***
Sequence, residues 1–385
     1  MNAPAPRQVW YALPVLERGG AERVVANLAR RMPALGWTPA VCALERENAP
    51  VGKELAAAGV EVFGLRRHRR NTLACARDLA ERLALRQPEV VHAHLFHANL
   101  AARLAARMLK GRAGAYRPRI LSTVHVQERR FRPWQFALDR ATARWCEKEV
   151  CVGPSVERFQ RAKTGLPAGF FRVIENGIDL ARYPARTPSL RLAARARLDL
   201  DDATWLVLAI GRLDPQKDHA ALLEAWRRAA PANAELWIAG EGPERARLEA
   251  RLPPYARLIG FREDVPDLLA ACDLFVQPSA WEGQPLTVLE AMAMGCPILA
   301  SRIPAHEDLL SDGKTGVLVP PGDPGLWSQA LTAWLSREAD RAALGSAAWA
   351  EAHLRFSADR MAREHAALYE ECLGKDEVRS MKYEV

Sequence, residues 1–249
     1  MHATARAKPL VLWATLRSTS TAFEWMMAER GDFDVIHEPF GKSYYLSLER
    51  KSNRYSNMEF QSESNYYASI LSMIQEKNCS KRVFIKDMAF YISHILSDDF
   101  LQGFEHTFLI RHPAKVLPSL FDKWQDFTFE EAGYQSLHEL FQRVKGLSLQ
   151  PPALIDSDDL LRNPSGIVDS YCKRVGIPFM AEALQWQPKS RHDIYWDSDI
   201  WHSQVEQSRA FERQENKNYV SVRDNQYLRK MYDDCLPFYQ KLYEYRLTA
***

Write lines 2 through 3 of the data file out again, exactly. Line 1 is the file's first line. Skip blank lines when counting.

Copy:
     1  MNAPAPRQVW YALPVLERGG AERVVANLAR RMPALGWTPA VCALERENAP
    51  VGKELAAAGV EVFGLRRHRR NTLACARDLA ERLALRQPEV VHAHLFHANL